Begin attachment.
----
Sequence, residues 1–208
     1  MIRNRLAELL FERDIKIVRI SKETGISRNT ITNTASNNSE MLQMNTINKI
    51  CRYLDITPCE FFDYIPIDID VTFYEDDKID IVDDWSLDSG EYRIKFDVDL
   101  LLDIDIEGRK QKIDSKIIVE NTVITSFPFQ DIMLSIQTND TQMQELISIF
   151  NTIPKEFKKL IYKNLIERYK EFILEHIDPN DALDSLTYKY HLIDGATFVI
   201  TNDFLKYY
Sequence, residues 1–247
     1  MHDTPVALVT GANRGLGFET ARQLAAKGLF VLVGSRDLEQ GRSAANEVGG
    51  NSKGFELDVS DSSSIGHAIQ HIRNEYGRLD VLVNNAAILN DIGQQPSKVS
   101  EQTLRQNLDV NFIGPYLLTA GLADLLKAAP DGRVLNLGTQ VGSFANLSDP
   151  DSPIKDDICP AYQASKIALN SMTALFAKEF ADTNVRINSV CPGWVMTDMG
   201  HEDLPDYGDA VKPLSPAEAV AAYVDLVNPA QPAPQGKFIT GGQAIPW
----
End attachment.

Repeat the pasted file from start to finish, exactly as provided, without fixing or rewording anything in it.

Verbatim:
Sequence, residues 1–208
     1  MIRNRLAELL FERDIKIVRI SKETGISRNT ITNTASNNSE MLQMNTINKI
    51  CRYLDITPCE FFDYIPIDID VTFYEDDKID IVDDWSLDSG EYRIKFDVDL
   101  LLDIDIEGRK QKIDSKIIVE NTVITSFPFQ DIMLSIQTND TQMQELISIF
   151  NTIPKEFKKL IYKNLIERYK EFILEHIDPN DALDSLTYKY HLIDGATFVI
   201  TNDFLKYY
Sequence, residues 1–247
     1  MHDTPVALVT GANRGLGFET ARQLAAKGLF VLVGSRDLEQ GRSAANEVGG
    51  NSKGFELDVS DSSSIGHAIQ HIRNEYGRLD VLVNNAAILN DIGQQPSKVS
   101  EQTLRQNLDV NFIGPYLLTA GLADLLKAAP DGRVLNLGTQ VGSFANLSDP
   151  DSPIKDDICP AYQASKIALN SMTALFAKEF ADTNVRINSV CPGWVMTDMG
   201  HEDLPDYGDA VKPLSPAEAV AAYVDLVNPA QPAPQGKFIT GGQAIPW